But I'll go back to the old saw (because it is true): "The best job openings are never advertised." Which means the best job openings don't "go through" HR. The best companies use HR as a convenient way to get paperwork done, not as a gatekeeper for hiring.

Comment: Re:Best $4400 I've ever spent in my life (Score 1) 109

Mmmmm.... No. Bzzzzt.

Presbyopia eventually affects virtually everyone by age 40-50, but that just means that you become slightly more farsighted as the natural lens becomes less flexible. Corrective surgery still removes all astigmatic defects, corrects the focal distance to a normal range, reduces eyestrain by normalizing the two eyes, along with other minor benefits. Old people getting laser correction just means "only" having perfect vision past 0.5-1 meter or so.

Now that I'm old (near death by hipster standards, or so I'm told) and need reading glasses for close work, do I regret getting laser correction? Am I not getting "bang for the buck" as I read highway signs a quarter mile ahead? Do I feel sad as I look at the moon and pick out crater edges wiith my naked eyes?

No. Not one single teensy bit. I am happy to age this way; much happier than all other options.

Comment: Re:Reality not sufficient, (Score 2) 109

Mod parent up. Wish I had points.

I had my eyes zapped about 5 years ago, and even with some complications I'd do it again in a heartbeat.

Why? I did it beause glasses were making me hesitant to play with my kids.

As they grew older, I was always getting them knocked off in game play or horsing around, and then I found myself declining to play or playing soft or begging off.... Sport lenses were always a half-measure, and contacts are a maintenance timesink vs continual risks of infection. For a while I was interested in intracorneal rings (the only corrective eye surgery that is 99+% reversable) but there wasn't enough data and they were never really popular in the US. I had PRK instead of LASIK because my astigamtism's anomalies were near the surface (the "flap" would contain irregularities). The final thing that swayed me was that laser surgery (in my case) could be performed in about 10-15% of the corneal depth that is safe to treat. This meant plenty of safety margin for the initial treatment, plus I can have it re-corrected to better than 20/20 as necessary over multiple years without hitting safety limits -- basically I'll die many years before hitting any kind of limit on corneal correction. The PRK process is a much slower recovery than LASIK, and I had some complications that added a couple weeks to that, but I remember the first afternoon after getting the "bandage contacts" off and seeing with my fresh new 20/15 eyes... looking across Lake Washington at ripples in the water from canoe oars, and seeing the color and texture of the window trim on the Safeco building well over a mile away from my car on the 520 bridge. The world is absolutely fucking gorgeous again.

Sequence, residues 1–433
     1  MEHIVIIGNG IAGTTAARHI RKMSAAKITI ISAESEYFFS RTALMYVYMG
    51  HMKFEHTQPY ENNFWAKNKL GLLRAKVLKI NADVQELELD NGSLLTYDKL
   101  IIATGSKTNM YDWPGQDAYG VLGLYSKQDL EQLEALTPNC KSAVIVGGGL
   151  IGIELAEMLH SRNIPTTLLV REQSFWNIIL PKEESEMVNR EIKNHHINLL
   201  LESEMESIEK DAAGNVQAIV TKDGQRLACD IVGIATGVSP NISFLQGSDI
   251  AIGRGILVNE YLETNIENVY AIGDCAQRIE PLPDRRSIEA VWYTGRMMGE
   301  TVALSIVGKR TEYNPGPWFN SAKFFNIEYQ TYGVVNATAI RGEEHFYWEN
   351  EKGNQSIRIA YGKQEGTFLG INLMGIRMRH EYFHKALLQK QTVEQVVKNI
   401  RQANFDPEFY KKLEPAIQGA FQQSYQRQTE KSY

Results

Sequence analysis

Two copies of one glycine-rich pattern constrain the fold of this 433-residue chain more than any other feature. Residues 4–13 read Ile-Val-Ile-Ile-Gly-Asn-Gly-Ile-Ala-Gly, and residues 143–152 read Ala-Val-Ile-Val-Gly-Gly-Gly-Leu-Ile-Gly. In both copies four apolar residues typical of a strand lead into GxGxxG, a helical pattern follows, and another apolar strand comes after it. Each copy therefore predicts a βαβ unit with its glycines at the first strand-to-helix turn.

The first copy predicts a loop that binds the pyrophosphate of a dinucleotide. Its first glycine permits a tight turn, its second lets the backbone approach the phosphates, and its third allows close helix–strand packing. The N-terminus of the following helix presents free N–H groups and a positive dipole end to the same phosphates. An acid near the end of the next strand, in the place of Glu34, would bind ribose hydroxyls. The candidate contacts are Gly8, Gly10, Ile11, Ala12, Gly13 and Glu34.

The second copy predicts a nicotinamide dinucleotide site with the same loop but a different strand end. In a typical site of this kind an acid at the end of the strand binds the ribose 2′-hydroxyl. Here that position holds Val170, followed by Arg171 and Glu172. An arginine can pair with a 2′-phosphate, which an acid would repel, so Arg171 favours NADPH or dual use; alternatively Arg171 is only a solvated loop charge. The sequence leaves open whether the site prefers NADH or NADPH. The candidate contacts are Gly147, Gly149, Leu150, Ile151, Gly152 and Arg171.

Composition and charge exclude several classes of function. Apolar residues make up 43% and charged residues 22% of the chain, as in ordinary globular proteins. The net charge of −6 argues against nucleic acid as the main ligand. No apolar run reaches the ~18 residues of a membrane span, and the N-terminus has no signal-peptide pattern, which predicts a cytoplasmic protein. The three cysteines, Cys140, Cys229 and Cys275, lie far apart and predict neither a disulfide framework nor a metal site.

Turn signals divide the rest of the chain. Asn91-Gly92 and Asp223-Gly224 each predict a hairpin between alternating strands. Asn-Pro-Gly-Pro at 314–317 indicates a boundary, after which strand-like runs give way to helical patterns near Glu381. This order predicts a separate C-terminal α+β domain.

But would I have done it specifically for gameplay? What?

Jesus, dude, go outside and look at a tree.

Comment: Re:So 40% dwarfs 60%? (Score 1) 256

by Karl Cocknozzle (#47614623) Attached to: 40% Of People On Terror Watch List Have No Terrorist Ties

I don't think it's necessarily an error rate. What they're saying is these people may be lone actors (Unibomber, Boston bombers) who are not linked to any actual terrorist organization. Or, they're people who they think may become radicalized but have not actually phoned up Al Qaeda yet.

It's still a ridiculous number, but one can be a terrorist without being linked to a terrorist group. Yet.

You're not incorrect in your logic--one can be a terrorist without having yet been linked to a terrorist group. But it begs the question of how they were identified as terrorists and put on watch lists in the first place. Is it because they look funny? Smell funny? Have a funny hair-do? Wear traditional "muslim" clothing when they travel? Have the wrong political beliefs? Have the right political beliefs but don't express them ardently enough for big brother's taste?

The basic problem with a "Terrorism watch list" in which 40% of the people on it have seemingly no link to known terrorists or terrorist organizations, where the criteria for getting on the list in this category are murky (or possible just don't exist) the potential for abuse is absolutely staggering. How many of those people up in Dearborn Heights that can't travel are actually just being declared terrorists for having a funny name and living down the street from someone interesting? With zero oversight, we really have no way of knowing WTF is going on behind the scenes.